Human gastric cancer prevention trials utilizing anti-H. pylori therapy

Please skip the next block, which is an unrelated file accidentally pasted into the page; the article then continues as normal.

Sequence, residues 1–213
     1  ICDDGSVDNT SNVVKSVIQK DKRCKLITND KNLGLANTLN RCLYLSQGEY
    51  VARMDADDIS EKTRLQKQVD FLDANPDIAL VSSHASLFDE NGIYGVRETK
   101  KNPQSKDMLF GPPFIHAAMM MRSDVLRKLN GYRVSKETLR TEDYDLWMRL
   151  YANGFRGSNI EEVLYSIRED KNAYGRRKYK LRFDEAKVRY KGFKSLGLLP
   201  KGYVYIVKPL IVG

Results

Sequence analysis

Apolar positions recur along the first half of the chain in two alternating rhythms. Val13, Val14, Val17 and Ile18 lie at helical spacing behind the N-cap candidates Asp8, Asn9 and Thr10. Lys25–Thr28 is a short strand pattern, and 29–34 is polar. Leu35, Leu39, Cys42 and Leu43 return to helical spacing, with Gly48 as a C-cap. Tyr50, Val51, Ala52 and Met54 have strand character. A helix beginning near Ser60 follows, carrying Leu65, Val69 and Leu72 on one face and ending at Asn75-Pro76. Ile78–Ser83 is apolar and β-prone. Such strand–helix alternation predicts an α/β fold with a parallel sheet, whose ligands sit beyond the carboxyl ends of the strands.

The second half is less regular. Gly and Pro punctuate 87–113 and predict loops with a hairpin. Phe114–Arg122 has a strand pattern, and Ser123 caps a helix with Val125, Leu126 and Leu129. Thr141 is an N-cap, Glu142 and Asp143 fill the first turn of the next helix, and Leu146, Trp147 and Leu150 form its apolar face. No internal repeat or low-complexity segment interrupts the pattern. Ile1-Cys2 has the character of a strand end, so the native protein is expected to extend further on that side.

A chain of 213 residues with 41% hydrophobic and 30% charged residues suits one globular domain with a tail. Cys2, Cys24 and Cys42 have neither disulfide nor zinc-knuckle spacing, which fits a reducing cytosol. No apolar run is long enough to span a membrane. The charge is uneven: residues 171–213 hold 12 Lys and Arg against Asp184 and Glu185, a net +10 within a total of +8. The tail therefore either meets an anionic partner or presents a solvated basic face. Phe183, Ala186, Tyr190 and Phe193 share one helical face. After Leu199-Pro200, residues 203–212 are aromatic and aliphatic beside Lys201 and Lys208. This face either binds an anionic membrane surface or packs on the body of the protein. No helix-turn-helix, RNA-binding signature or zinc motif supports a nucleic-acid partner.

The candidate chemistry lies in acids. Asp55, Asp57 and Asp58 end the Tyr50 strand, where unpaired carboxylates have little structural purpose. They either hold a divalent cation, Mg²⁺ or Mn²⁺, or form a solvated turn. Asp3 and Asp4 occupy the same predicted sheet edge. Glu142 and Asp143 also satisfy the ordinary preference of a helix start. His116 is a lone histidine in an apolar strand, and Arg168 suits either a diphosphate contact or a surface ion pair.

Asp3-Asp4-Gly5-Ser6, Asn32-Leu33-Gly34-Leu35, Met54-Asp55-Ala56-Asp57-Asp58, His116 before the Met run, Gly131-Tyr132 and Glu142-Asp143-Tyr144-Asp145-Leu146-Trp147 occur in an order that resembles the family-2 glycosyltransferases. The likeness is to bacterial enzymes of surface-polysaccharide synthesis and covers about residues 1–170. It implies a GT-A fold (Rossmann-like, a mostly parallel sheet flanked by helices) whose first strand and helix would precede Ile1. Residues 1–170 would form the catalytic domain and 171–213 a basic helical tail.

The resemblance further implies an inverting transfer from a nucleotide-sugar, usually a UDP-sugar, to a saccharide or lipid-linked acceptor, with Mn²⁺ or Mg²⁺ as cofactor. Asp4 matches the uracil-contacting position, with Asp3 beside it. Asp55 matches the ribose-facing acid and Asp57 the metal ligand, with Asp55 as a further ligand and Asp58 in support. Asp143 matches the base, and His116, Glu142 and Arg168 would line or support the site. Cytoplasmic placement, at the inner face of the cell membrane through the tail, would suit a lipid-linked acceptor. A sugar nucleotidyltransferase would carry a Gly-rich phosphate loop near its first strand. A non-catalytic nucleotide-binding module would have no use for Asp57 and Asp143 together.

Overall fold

The decades-long process of gastric carcinogenesis lends itself to prevention trials that can evaluate the effects of removing an etiologic agent on disease progression. However, studies focused on the consequences of H. pylori eradication in human populations have yielded mixed results. Nonrandomized trials have clearly established the importance of H. pylori as an etiologic factor in the development of gastric cancer. Of interest, one of the first clinical trials to suggest a benefit of H. pylori eradication for gastric cancer was a case control study from Sweden in which rates of gastric cancer were significantly reduced in patients undergoing hip replacement who had received high-dose prophylactic antibiotics [Akre et al. 2000]. Uemura et al. [2001] reported on a cohort of 1526 Japanese patients followed over 7.8 years. Gastric cancer did not develop in any patients who were uninfected or who were infected and subsequently treated with antibiotics. In contrast, 36 (2.9%) new cases of gastric cancer developed among 971 H. pylori-infected subjects with gastritis alone, gastric ulceration, or hyperplastic gastric polyps [Uemura et al. 2001]. Another nonrandomized study from Japan reported that among 1233 patients followed for 7.7 years, 1% of subjects in whom H. pylori was eradicated developed cancer compared to 4% of persons who remained persistently colonized [Correa and Houghton, 2007]. In an eight-year follow-up study performed in China that included 41000 subjects, the presence of H. pylori was associated with a four-fold increase in the incidence of gastric cancer (1.6% vs. 0.4% in uninfected persons) [Zhou et al. 2005]. Similarly, treatment of H. pylori following endoscopic resection of early gastric cancers resulted in a significant reduction in the incidence of metachronous lesions compared to persons who remain persistently infected post-resection [Uemura et al. 1997].